Because of the increased survival of immunocompromised patients with malignant neoplasms, organ transplants, and other debilitating diseases, infectious esophagitis has become an increasingly common problem in modern medical practice. Candida albicans is the usual offending organism, but herpes simplex virus and cytomegalovirus (CMV) have also been recognized with increased frequency as opportunistic esophageal invaders. Patients with AIDS may develop more fulminant forms of fungal and viral esophagitis (including human immunodeficiency virus [HIV] esophagitis), accentuating the need for early diagnosis and treatment.
Candidiasis is the most common cause of infectious esophagitis. C . albicans is almost always the offending organism. Because C . albicans is a commensal inhabitant of the pharynx, Candida esophagitis is presumably caused by downward spread of the fungus to the esophagus. Clinically significant infection occurs primarily in patients who are immunocompromised because of underlying malignant tumor, debilitating illness, diabetes, or treatment with radiation, steroids, or other cytotoxic agents. Candida esophagitis is particularly prevalent in patients with AIDS, occurring in 15% to 20% of these individuals, although effective antiviral agents have substantially decreased the number of HIV-positive patients who develop AIDS.
Local esophageal stasis is another factor that predisposes patients to the development of Candida esophagitis. Esophageal stasis may be caused by mechanical obstruction from achalasia or strictures or by physiologic obstruction from scleroderma or other causes of esophageal aperistalsis. Delayed esophageal emptying in these patients permits the fungal organism to overgrow and colonize the esophagus with subsequent esophagitis.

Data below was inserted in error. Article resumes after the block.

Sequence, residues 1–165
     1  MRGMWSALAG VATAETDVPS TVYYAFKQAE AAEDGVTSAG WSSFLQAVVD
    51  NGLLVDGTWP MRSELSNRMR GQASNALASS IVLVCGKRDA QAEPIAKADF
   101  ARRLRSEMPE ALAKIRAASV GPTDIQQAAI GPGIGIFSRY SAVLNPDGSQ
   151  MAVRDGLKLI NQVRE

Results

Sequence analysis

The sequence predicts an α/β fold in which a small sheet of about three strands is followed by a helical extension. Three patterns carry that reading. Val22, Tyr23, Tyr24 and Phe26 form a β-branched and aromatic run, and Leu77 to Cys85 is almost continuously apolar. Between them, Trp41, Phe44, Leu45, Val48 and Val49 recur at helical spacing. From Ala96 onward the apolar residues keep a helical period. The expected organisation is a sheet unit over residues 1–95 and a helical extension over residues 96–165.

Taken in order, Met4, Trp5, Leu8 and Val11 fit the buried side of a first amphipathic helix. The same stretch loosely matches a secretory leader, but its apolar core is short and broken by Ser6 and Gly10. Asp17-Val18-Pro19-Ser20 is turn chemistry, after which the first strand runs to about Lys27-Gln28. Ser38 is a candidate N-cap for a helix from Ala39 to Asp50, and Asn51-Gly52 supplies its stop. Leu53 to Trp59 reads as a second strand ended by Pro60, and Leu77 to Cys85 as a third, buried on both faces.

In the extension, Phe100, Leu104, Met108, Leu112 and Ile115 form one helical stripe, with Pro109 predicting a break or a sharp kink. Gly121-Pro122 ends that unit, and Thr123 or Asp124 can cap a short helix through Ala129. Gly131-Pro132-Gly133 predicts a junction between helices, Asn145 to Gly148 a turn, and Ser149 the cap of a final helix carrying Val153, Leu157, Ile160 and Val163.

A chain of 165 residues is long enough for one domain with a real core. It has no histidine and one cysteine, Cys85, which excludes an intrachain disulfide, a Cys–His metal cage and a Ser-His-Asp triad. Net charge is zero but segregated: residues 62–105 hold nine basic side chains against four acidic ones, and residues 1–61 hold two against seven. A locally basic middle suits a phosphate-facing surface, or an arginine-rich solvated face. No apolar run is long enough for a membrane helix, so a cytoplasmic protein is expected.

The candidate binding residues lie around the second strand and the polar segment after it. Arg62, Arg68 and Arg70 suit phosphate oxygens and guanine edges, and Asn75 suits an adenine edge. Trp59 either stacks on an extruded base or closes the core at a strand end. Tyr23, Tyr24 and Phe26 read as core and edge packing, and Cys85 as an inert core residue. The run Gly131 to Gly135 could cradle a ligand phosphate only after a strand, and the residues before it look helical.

Much less frequently, Candida esophagitis may develop in otherwise healthy individuals who have no underlying systemic or esophageal diseases. As a result, the possibility of fungal infection should not be excluded simply because the classic predisposing factors are not present in a particular patient.
Most patients with Candida esophagitis have acute onset of dysphagia or, even more commonly, odynophagia, characterized by intense substernal pain during swallowing. Others may have nonspecific findings such as chest pain, epigastric pain, or upper gastrointestinal bleeding, or they may be asymptomatic. Occasionally, patients with chronic Candida esophagitis may have persistent dysphagia because of the development of esophageal strictures.